Facebook is conducting a survey to make your newsfeed better. I received a notification the other day, and decided to take a peek.
What followed was a veritable "hot or not" comparison of status updates.
"I am interested in seeing more like this," was the basic statement, and then I was asked to pick a rating on a scale that went from "strongly disagree" to "strongly agree."
News articles from the New York Times went up against soul-bearing status updates from a friend who just let go of a mystery toxic person in her life. Pictures of adorable children duked it out with videos from Upworthy. And each time, I was forced to choose which I liked better, which I wanted to see more of.
But you see, my content appetite changes rather frequently. Sometimes I can't get enough news articles, other days I want to ignore all the anger-inducing nonsense going on in the world. These days I'm hiding Elf On The Shelf photos like it's bringing me discretionary income. After the holidays, I'll want to see New Year's resolutions from those same people.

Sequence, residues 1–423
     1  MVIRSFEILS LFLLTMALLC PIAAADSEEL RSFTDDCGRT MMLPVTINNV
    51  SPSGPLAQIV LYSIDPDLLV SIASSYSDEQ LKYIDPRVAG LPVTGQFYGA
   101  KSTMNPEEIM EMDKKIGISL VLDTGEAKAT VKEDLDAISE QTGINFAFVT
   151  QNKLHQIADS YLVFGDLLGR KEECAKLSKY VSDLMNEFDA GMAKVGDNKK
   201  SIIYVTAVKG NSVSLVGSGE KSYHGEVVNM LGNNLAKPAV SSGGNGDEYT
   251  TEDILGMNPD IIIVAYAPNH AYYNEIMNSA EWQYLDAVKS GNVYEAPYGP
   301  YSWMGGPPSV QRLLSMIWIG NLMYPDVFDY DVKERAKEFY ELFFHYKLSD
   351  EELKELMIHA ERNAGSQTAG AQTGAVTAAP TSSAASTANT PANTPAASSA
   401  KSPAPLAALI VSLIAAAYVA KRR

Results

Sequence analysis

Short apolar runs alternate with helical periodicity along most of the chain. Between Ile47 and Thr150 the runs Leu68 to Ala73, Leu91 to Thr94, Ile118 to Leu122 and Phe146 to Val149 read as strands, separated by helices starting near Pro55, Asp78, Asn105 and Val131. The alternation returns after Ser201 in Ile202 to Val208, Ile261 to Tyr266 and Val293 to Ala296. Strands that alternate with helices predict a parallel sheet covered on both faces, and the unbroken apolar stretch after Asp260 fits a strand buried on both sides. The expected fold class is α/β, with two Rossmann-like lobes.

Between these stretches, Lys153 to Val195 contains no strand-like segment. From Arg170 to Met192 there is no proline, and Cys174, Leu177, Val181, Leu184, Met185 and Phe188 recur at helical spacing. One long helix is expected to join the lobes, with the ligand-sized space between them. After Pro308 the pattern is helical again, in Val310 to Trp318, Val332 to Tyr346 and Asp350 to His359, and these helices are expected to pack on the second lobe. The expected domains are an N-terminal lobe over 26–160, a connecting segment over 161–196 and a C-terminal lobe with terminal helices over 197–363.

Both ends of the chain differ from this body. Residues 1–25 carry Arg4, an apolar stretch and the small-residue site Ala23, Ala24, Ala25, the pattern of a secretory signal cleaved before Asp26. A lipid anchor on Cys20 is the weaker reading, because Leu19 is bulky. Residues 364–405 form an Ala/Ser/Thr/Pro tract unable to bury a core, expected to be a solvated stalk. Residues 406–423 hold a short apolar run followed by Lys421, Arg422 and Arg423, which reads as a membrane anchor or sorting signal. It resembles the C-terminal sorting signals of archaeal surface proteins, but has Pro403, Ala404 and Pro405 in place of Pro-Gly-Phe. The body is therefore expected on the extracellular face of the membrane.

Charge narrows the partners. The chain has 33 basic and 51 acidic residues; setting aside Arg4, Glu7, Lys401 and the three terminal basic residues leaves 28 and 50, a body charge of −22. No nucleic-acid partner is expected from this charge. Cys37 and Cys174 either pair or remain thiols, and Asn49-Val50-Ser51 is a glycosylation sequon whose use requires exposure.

I've never been a fan of the fact that Facebook creates a user experience that puts a lot of responsibility on the user. It's up to YOU to constantly tinker with your privacy settings, and determine who gets to see your posts through a completely unintuitive privacy customization mechanism. Kind of a pain in the neck.
But here's one instance where I don't want Facebook to try to make the decision for me. As I've said before, just because I "like" one post and "share" another, it doesn't necessarily mean that for the foreseeable future, I want to see less posts like the one I "liked" and more posts like the one I shared. A human being's content appetite is hardly predictable, yet it feels as though Facebook is trying to make it so.
Or, perhaps we're all too predictable when it comes to the information we want to consume, and we just don't realize it yet.